Maybe she’s a songwriter, trying to write a masterpiece. That would explain why the keystrokes are all rhythmic. But it would be painful for her to write a song which she would never be able to sing. 

I’ve planned to break into her house. I’m waiting for the right moment. I would do it neatly and leave behind no trace of a break-in. Maybe she would never notice it, as she keeps herself busy with her work and typing the whole time. It’s difficult to break in from the front door, as there are surveillance cameras everywhere. This leaves behind only one option, to climb into her balcony, which lies just above mine.  

I bought a nylon rope and practiced each move in my head. I should do it in the afternoon when everything’s quiet. The rear part of my apartment faces a line of trees so nobody would be able to see me taking my endeavor. Still, I take every precaution.

Finally, the time has arrived. I’ve taken a day off my work, just to carry out my plan.  I tie a hook at the end of the rope. Swirling it a few times, I throw it with utmost force. It misses. I try it again. It hooks on the railing of her balcony on the third attempt.  I look around for a probable spectator. The path is clear.  I start to climb. The climbing part is harder than I had imagined. The rope keeps slipping as my hands have started to sweat. I should’ve tied knots in the ropes, I think. It would’ve been easier that way. Nevertheless, after struggling for a few minutes, I finally climb onto her balcony. The tight grip left marks on my hands.

I take out the equipment to pick the lock, a wrench, and a nail. I’d practiced it on my lock several times. So it doesn’t take long to open the door. Within a minute I’m inside her house. The damp smell of the closed space invites me in. I’d planned to go straight to her study and break her typewriter.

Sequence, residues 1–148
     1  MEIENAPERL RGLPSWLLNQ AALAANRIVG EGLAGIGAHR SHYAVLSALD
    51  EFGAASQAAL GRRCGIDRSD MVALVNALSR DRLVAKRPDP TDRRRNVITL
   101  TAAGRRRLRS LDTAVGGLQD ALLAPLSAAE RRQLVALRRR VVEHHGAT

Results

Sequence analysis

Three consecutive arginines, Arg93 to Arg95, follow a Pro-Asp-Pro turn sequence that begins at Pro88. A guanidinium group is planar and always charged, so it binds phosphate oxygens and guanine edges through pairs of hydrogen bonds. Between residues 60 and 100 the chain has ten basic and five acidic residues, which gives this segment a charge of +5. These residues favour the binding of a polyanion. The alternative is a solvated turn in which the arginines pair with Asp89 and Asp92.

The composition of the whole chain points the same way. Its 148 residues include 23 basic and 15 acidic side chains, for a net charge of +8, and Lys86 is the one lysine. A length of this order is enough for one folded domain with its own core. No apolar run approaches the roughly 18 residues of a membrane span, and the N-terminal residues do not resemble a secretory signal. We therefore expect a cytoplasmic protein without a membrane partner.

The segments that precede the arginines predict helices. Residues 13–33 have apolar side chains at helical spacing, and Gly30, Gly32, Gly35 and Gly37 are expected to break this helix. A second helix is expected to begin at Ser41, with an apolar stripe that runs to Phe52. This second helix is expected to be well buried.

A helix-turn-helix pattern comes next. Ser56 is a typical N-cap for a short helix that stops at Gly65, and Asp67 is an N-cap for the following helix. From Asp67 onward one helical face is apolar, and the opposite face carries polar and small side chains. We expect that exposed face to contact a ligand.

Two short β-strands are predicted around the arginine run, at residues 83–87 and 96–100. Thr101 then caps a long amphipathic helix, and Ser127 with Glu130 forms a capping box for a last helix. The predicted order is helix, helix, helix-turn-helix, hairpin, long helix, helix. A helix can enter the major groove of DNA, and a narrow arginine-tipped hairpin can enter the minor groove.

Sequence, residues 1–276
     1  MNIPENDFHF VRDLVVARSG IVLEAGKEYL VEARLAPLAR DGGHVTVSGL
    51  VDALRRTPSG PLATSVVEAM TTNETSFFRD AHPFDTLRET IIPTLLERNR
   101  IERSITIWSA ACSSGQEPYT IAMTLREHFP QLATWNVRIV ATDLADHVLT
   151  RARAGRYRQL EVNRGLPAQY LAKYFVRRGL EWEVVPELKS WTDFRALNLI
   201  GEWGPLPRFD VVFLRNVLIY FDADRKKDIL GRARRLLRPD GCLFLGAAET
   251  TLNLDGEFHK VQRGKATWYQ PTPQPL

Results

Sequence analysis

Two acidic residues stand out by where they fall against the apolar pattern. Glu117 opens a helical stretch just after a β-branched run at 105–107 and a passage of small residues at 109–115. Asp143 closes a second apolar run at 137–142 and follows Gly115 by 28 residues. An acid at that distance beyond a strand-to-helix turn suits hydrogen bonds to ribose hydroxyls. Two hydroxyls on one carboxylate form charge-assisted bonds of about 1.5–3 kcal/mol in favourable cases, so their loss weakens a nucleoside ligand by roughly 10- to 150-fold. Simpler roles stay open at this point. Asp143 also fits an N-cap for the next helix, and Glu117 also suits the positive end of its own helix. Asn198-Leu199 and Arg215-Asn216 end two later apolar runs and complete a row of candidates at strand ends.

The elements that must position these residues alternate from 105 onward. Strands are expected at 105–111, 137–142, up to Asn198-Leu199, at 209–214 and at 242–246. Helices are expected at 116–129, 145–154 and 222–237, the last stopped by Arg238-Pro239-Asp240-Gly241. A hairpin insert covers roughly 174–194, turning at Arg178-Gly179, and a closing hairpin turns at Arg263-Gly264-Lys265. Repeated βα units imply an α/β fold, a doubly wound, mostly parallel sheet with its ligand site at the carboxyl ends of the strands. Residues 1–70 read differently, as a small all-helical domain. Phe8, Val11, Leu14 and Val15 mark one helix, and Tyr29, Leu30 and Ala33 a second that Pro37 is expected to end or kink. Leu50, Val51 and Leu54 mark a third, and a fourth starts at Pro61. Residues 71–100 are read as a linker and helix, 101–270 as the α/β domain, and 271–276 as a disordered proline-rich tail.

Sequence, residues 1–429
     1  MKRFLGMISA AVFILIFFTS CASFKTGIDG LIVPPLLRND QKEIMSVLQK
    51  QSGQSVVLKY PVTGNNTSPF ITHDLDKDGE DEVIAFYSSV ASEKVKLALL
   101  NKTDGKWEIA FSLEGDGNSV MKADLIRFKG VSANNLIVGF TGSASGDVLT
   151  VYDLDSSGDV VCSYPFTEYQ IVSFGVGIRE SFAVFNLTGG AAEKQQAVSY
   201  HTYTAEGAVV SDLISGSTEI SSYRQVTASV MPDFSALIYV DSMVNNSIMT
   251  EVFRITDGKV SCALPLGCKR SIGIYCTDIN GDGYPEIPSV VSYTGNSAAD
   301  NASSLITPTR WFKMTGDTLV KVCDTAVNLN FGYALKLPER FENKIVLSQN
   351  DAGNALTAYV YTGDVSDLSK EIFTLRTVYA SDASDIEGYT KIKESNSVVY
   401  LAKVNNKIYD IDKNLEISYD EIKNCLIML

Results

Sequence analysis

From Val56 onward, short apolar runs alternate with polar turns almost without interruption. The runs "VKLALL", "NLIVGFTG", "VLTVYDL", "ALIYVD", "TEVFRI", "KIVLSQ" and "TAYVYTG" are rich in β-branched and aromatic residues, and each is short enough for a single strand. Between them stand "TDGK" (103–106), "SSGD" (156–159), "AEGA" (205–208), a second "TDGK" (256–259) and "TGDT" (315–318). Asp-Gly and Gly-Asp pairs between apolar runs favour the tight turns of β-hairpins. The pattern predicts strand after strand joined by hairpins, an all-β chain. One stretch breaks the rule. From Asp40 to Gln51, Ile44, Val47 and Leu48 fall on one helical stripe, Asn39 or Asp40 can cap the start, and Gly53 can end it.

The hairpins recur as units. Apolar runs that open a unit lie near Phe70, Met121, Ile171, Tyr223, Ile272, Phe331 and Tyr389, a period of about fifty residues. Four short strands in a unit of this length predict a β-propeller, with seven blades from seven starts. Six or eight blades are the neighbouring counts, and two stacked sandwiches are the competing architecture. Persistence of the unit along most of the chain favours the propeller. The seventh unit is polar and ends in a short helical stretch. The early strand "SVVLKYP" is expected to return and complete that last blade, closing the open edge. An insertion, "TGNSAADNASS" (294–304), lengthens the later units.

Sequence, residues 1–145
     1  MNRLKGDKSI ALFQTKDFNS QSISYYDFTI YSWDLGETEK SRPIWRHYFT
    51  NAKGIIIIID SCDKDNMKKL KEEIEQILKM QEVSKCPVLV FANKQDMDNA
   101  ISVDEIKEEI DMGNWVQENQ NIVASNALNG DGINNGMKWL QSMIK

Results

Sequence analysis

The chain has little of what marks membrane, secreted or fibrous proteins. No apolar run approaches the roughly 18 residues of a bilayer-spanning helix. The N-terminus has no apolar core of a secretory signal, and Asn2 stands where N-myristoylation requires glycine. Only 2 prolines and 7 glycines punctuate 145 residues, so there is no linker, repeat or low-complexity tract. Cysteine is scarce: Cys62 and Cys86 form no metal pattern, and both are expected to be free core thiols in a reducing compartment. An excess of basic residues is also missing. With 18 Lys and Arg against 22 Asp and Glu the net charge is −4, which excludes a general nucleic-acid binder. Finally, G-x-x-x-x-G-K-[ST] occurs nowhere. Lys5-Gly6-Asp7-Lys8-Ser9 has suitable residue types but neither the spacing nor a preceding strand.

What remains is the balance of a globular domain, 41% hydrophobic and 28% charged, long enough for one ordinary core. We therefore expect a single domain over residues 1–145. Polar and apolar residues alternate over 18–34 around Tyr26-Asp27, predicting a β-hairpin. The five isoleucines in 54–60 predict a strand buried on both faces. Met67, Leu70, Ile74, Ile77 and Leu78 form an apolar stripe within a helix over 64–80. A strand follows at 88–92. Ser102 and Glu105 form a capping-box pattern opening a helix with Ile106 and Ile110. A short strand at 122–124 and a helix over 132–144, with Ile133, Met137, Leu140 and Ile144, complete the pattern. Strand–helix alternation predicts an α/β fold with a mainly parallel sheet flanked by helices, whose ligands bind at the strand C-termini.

I go into her bedroom. The blanket is strewn on the floor. She must have hurried in the morning to leave for her work. All the climbing and lock picking has made me thirsty. So I head towards her kitchen. I open her fridge, only to find two rotten apples and a bottle of juice. The bottle is open. I pick it up, only to gag on its terrible smell. I put it back and head towards her study.

It sits on the desk, the torture instrument, with a semblance of innocence. There’s a pile of paper beside the typewriter. The dust has settled on everything, forming a layer, making everything dull.

I inspect the typewriter, a vintage Oliver. A paper is rolled on the cylinder. There is an unfinished word at the end. It seems as if somebody has abandoned it in haste. I blow the dust and press the keys, randomly.

I dust the pile of paper. I nearly guessed it correctly. It’s a poem, written in beautiful verses. The words compel me to read further and further. She’s written her own story in form of a poem. The story of a voiceless girl, who’s a lot to say to this world. How she tries hard every day to fit into the world. The shame she went through when she was young. And the overwhelming guilt of an accident in which she lost her brother. If only she could scream, she would’ve alerted her brother before he was run over by a car. But the girl has now accepted her fate.

Then the poem ends, with an unfinished sentence. It turns out the paper loaded into the typewriter is the last page. I rummage through the study room, flip the pages of every book, hoping to find a folded paper bearing the end of the poem. But there’s none.

If I be careless like this, throwing around the books and the paper, I’d leave behind traces. But I don’t seem to care somehow. I sit in the chair, disappointed. My mind is running with thoughts, about the fate of the voiceless girl. What happened to her? I imagine all the possibilities.

My heart starts to pound. It’s unfair, what happened to the innocent girl. What had she done to deserve such a life? I load the page back into the cylinder. The girl deserves an ending to her story, a resolution to her pain. Maybe I should just write my version.  I adjust the carriage to the left so that it points towards the sentence she’s left unfinished. And then I start tapping the keys.